A high-performance cross-framework Parameter Server for Deep Learning
BytePS is a high performance and general distributed training framework. It supports TensorFlow, Keras, PyTorch, and MXNet, and can run on either TCP or RDMA network.
BytePS outperforms existing open-sourced distributed training frameworks by a large margin. For example, on BERT-large training, BytePS can achieve ~90% scaling efficiency with 256 GPUs (see below), which is much higher than Horovod+NCCL. In certain scenarios, BytePS can double the training speed compared with Horovod+NCCL.
- BytePS paper has been accepted to OSDI'20 (to appear soon). The code to reproduce the end-to-end evaluation is available here.
- Support gradient compression.
- Fix compatibility issue with tf2 + standalone keras
- Add support for tensorflow.keras
- Improve robustness of broadcast
- Add DistributedDataParallel module for PyTorch
- Fix the problem of different CPU tensor using the same name
- Add skip_synchronize api for PyTorch
- Add the option for lazy/non-lazy init
- Largely improve RDMA performance by enforcing page aligned memory.
- Add IPC support for RDMA. Now support colocating servers and workers without sacrificing much performance.
- Fix a hanging bug in BytePS server.
- Fix RDMA-related segmentation fault problem during fork() (e.g., used by PyTorch data loader).
- New feature: Enable mixing use of colocate and non-colocate servers, along with a smart tensor allocation strategy.
- New feature: Add
bpslaunchas the command to launch tasks.
- Add support for pip install:
pip3 install byteps
We show our experiment on BERT-large training, which is based on GluonNLP toolkit. The model uses mixed precision.
We use Tesla V100 32GB GPUs and set batch size equal to 64 per GPU. Each machine has 8 V100 GPUs (32GB memory) with NVLink-enabled. Machines are inter-connected with 100 Gbps RDMA network. This is the same hardware setup you can get on AWS.
BytePS achieves ~90% scaling efficiency for BERT-large with 256 GPUs. The code is available here. As a comparison, Horovod+NCCL has only ~70% scaling efficiency even after expert parameter tunning.
With slower network, BytePS offers even more performance advantages -- up to 2x of Horovod+NCCL. You can find more evaluation results at performance.md.
Goodbye MPI, Hello Cloud
How can BytePS outperform Horovod by so much? One of the main reasons is that BytePS is designed for cloud and shared clusters, and throws away MPI.
MPI was born in the HPC world and is good for a cluster built with homogeneous hardware and for running a single job. However, cloud (or in-house shared clusters) is different.
This leads us to rethink the best communication strategy, as explained in here. In short, BytePS only uses NCCL inside a machine, while re-implements the inter-machine communication.
BytePS also incorporates many acceleration techniques such as hierarchical strategy, pipelining, tensor partitioning, NUMA-aware local communication, priority-based scheduling, etc.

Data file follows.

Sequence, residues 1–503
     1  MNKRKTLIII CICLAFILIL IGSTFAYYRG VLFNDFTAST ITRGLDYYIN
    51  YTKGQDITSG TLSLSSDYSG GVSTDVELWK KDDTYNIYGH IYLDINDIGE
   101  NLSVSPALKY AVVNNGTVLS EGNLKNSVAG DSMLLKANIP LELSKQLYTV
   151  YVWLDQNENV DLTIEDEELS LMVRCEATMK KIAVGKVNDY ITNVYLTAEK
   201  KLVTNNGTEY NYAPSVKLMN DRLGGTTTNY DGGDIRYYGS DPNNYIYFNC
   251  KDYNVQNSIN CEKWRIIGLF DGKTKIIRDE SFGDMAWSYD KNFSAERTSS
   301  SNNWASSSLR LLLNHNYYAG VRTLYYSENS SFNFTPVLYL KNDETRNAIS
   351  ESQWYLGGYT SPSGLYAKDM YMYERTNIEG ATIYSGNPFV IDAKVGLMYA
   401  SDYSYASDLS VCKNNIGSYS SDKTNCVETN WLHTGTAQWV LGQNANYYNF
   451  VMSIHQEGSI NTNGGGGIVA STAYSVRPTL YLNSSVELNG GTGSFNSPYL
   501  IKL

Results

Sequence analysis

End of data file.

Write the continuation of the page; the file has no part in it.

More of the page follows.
We provide a step-by-step tutorial for you to run benchmark training tasks. The simplest way to start is to use our docker images. Refer to Documentations for how to launch distributed jobs and more detailed configurations. After you can start BytePS, read best practice to get the best performance.
Below, we explain how to install BytePS by yourself. There are two options.
Install by pip
pip3 install byteps
Build from source code
You can try out the latest features by directly installing from master branch:
git clone --recursive https://github.com/bytedance/byteps cd byteps python3 setup.py install
Notes for above two options:
- BytePS assumes that you have already installed one or more of the following frameworks: TensorFlow / PyTorch / MXNet.
- BytePS depends on CUDA and NCCL. You should specify the NCCL path with
export BYTEPS_NCCL_HOME=/path/to/nccl. By default it points to
- The installation requires gcc>=4.9. If you are working on CentOS/Redhat and have gcc<4.9, you can try
yum install devtoolset-7before everything else. In general, we recommend using gcc 4.9 for best compatibility (how to pin gcc).
- RDMA support: During setup, the script will automatically detect the RDMA header file. If you want to use RDMA, make sure your RDMA environment has been properly installed and tested before install (install on Ubuntu-18.04).
Basic examples are provided under the example folder.
To reproduce the end-to-end evaluation in our OSDI'20 paper, find the code at this repo.
Use BytePS in Your Code
Though being totally different at its core, BytePS is highly compatible with Horovod interfaces (Thank you, Horovod community!). We chose Horovod interfaces in order to minimize your efforts for testing BytePS.
If your tasks only rely on Horovod's allreduce and broadcast, you should be able to switch to BytePS in 1 minute. Simply replace
import horovod.tensorflow as hvd by
import byteps.tensorflow as bps, and then replace all
hvd in your code by
bps. If your code invokes
hvd.allreduce directly, you should also replace it by
Limitations and Future Plans
BytePS does not support pure CPU training for now. One reason is that the cheap PS assumption of BytePS do not hold for CPU training. Consequently, you need CUDA and NCCL to build and run BytePS.
We would like to have below features, and there is no fundamental difficulty to implement them in BytePS architecture. However, they are not implemented yet:
- Sparse model training
[OSDI'20] "A Unified Architecture for Accelerating Distributed DNN Training in Heterogeneous GPU/CPU Clusters". Yimin Jiang, Yibo Zhu, Chang Lan, Bairen Yi, Yong Cui, Chuanxiong Guo. (Paper to appear soon)
[SOSP'19] "A Generic Communication Scheduler for Distributed DNN Training Acceleration". Yanghua Peng, Yibo Zhu, Yangrui Chen, Yixin Bao, Bairen Yi, Chang Lan, Chuan Wu, Chuanxiong Guo. (Code is at bytescheduler branch)
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